Joe Ball

Joseph Douglas Ball (January 7, 1896[2] – September 24, 1938)[1] was an American murderer and suspected serial killer, sometimes referred to as the "Alligator Man",[3] the "Butcher of Elmendorf"[4] and the "Bluebeard[3] of South Texas". He is known to have killed two and is said to have killed as many as 20 women in the 1930s. His existence was long believed to be apocryphal, but he is a familiar figure in Texas folklore.

Joe Ball
Joseph D. Ball.jpg
Joe Ball
Joseph Douglas Ball

(1896-01-07)January 7, 1896[1]
DiedSeptember 24, 1938(1938-09-24) (aged 42)[1]
Cause of deathSuicide by gunshot
Other namesthe Alligator Man
the Butcher of Elmendorf
the Bluebeard of South Texas
Span of crimes
CountryUnited States
State(s)Elmendorf, Texas


Ball was the great-great-grandson of John Hart Crenshaw, a notorious illegal slave trader, kidnapper, and illegal slave breeder in Gallatin County, Illinois. After serving on the frontlines in Europe during World War I, Ball started his career as a bootlegger, providing illegal liquor to those who could pay for it. After the end of Prohibition, he opened a saloon called the Sociable Inn in Elmendorf, Texas. He built a pond that contained six alligators because he misunderstood the term corpus delicti, believing that a murder conviction without a body would be impossible.[citation needed] He charged people to view them, especially during feeding time; the food consisted mostly of live cats and dogs.[4]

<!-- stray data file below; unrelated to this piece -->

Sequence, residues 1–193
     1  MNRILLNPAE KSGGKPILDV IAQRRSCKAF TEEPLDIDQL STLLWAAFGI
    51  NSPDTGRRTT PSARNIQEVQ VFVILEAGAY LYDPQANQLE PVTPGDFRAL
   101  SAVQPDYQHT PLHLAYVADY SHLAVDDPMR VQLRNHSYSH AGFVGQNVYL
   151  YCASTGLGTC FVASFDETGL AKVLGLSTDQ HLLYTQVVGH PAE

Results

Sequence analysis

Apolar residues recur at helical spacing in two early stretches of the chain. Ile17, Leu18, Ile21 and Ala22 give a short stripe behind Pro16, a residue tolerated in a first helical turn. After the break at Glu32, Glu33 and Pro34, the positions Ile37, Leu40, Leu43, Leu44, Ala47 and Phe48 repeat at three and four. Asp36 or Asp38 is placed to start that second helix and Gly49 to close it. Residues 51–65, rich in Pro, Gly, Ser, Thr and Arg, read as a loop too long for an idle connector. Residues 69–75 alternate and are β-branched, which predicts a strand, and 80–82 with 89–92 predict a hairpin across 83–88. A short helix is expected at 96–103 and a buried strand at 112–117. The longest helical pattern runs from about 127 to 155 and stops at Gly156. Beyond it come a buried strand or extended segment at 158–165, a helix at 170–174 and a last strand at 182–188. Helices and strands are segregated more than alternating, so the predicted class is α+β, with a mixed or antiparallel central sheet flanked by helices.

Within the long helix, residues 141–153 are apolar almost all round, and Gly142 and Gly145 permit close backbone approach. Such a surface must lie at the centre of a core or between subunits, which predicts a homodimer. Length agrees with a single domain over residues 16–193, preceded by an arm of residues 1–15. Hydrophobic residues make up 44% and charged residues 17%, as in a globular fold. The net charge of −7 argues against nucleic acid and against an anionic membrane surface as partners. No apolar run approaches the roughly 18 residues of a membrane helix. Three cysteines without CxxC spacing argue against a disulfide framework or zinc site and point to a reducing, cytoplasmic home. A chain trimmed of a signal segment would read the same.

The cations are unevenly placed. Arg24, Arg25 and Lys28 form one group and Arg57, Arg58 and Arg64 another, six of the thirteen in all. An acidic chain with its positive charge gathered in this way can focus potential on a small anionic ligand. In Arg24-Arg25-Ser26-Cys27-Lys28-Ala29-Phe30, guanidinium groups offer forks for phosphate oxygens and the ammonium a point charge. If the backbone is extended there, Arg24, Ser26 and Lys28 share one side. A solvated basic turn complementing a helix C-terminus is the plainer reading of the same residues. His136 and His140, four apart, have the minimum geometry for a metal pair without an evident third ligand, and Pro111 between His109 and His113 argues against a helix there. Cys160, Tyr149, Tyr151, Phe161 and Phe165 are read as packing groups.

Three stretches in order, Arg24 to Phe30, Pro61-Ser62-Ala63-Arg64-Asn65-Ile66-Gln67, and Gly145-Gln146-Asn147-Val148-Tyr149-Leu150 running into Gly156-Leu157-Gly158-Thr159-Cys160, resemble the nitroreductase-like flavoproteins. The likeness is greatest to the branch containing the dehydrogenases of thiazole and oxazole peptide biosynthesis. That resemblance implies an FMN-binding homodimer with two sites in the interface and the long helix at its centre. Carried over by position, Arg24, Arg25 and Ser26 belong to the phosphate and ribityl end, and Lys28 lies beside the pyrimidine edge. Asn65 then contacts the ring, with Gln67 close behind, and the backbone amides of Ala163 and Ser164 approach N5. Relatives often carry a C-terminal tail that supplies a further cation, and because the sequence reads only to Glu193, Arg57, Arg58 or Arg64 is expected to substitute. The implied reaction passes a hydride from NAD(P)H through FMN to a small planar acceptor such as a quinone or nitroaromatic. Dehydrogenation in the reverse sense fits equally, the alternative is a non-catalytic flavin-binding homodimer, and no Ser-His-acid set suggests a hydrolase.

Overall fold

After a while, women in the area were reported missing, including barmaids, former girlfriends, and his wife. When two Bexar County sheriff's deputies went to question him in 1938, Ball pulled a handgun from his cash register and killed himself with a bullet through the heart (as noted on his death certificate by the coroner, but some sources report that he shot himself in the head).[3]

A handyman who conspired with Ball, Clifford Wheeler, admitted to helping Ball dispose of the bodies of two of the women he had killed.[3] Wheeler led them to the remains of Hazel Brown and Minnie Gotthard. Few written sources from the era could verify Ball's crimes. Newspaper editor Michael Hall investigated the story in depth in 2002 and wrote on his findings for Texas Monthly.[4]

In popular cultureEdit

The film Eaten Alive by Tobe Hooper was inspired by Ball. The film features a man named Judd, a serial killer who runs a hotel and disposes of his victims' bodies by feeding them to a Nile crocodile.[5]

Ball was referenced in Bones in the fifth episode of season eight, "The Method in the Madness".

Macabre wrote a song called "Joe Ball Was His Name" which can be found on Carnival of Killers.

See alsoEdit


  1. ^ a b c d Texas Deaths, United States census, 1890-1976; Texas; roll 4030421, page 2025, line cn 40253. Retrieved on 2011-02-14.
  2. ^ Texas Monthly
  3. ^ a b c d "Drag Texas Dunes for Alligator Man's victims". The Evening Herald. Rock Hill, S.C. October 19, 1938. Retrieved 2011-03-04.[dead link]
  4. ^ a b c Hall, Michael (July 1, 2002). "Two Barmaids, Five Alligators, and the Butcher of Elmendorf". Texas Monthly. Texas. Retrieved 2011-03-04.
  5. ^ "Deep Red Horror Handbook".

External linksEdit